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Re: Suitability for therapy capricorn

Posted by violette on July 1, 2010, at 18:40:10

In reply to Suitability for therapy, posted by capricorn on June 30, 2010, at 20:16:21

Hi Capricorn,

Dinah said it best-consider it the therapist's issue and seek another. Some Ts only want to accept the 'easy' patients, for example, if working with patients with more complex issues makes them feel bad about themselves (which could lead them to question their own abilities, affect their self esteem, etc.).

Others might not have the training or appropriate emotional regulation themselves to treat those with more complex/longstanding traits. Some Ts have unresolved issues, too, and triggers, and take antidepressants, etc.

Try not to be too hard on yourself. I think stressors affect or add to everyone's mental health, including all those who do not seek mental health treatment. And my guess is there are 1 million + people out there who could qualify for "PD NOS" or any other PD. Conventional psychiatrists, from my experience, don't look into it but instead, prescribe meds rather than provide the whole range of treatment options. PDs can change too, I've read time and time again that Borderline traits often subside as a person ages.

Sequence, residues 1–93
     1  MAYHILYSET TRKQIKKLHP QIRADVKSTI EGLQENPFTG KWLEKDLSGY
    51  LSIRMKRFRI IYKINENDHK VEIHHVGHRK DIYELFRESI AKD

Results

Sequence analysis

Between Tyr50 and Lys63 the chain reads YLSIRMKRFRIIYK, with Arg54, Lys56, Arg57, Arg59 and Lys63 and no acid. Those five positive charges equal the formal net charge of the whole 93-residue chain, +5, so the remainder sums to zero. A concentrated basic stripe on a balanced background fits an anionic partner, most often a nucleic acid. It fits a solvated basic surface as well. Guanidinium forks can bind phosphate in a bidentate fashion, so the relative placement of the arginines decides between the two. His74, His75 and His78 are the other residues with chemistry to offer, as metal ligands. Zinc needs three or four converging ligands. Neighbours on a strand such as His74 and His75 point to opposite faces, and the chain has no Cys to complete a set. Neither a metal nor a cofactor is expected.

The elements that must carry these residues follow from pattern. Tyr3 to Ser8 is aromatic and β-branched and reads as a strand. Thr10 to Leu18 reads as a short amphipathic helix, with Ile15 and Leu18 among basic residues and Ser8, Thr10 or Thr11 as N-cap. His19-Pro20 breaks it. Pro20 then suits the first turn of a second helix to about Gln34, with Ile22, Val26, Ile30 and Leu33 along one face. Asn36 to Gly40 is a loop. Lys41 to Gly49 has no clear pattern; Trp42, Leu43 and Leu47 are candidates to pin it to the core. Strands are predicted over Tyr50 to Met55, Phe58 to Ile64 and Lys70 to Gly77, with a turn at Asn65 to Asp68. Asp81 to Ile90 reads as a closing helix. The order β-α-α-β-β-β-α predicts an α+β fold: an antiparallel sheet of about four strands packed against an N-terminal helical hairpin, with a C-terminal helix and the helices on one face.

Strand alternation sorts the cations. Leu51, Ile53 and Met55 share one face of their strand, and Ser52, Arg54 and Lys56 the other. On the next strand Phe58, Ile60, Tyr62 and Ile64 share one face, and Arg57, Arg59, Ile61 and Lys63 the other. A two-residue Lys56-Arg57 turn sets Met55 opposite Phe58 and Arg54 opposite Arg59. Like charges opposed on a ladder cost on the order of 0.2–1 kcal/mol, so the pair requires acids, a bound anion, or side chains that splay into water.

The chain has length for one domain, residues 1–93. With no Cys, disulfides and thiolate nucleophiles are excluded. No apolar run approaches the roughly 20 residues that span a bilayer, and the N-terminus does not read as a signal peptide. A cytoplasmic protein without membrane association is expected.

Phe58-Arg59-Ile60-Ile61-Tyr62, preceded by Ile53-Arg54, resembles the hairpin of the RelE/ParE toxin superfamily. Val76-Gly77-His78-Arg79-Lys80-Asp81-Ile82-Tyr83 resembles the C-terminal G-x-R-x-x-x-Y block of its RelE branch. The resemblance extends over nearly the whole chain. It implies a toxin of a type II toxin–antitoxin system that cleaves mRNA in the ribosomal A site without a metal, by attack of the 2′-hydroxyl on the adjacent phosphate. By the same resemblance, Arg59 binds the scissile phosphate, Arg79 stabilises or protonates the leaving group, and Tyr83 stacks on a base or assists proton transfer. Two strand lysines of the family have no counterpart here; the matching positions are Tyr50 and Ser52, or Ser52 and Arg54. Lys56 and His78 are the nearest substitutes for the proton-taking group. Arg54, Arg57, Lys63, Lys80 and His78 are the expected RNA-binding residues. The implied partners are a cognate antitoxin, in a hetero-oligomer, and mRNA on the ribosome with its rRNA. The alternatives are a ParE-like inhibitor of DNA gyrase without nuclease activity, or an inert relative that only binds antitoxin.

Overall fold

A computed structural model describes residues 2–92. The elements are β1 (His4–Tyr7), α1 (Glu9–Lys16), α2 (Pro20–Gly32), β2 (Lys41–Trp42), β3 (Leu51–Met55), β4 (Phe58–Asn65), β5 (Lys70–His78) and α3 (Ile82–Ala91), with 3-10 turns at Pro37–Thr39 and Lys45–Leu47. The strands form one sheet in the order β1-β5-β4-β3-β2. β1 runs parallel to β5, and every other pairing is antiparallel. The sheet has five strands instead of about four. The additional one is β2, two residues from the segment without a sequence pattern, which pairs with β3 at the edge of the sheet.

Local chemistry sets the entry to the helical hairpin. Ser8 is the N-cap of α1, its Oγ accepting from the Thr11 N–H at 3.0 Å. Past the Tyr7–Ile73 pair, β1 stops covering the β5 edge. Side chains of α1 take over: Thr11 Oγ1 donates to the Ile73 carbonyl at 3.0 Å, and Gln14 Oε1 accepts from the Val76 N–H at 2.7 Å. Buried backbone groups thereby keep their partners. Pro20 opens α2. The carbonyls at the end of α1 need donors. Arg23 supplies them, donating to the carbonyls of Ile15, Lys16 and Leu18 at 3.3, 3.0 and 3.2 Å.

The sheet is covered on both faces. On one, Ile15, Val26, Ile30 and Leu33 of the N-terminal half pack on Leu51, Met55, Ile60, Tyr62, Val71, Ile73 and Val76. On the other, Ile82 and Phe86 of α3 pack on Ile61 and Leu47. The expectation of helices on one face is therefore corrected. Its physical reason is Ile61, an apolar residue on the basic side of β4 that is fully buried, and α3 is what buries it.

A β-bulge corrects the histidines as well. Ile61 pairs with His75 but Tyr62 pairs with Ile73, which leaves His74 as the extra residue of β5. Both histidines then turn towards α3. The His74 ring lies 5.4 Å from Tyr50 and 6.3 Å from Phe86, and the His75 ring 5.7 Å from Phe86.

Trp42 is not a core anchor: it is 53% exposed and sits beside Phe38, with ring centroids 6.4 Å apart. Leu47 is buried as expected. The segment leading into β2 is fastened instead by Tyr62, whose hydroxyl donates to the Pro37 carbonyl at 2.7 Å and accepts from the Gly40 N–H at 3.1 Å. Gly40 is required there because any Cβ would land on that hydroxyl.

Some more conventional type of psychoanalytic/ psychodynamic therapists define 'suitability for therapy' differently than other types of therapists. That can include being psychologically minded (being able to objectively look at yourself), ego strength (as Dinah mentioned), motivation for change, current environmental stressors (such as having steady employment), etc.

So being designated as 'unsuitable' could have been that particular Ts view-not the view of all Ts. Just a thought. Sometimes I get that sort-of-psychosis, and although my T is psychodynamic, we see those experiences as therapeutic-not a negative thing at all. Though some psychoanalysts, as they get more experienced, want the patients who are easier to treat. But I got lucky, I suppose. On the other hand, some from that school of thought might enjoy the challenges and are more interested with patients who may have traits similar to yours.

I'd agree with Dinah that it might be wise for you to check into 'supportive' psychotherapy, though that doesn't mean other options aren't available. You might just find supportive therapy to be just what you need. Either way, please don't feel that you are not suitable for therapy because a T told you so. Everyone has underying biases and preferences, including Ts. Seeking therapy itself is a very positive trait, imo.

Take care,
Violette

 

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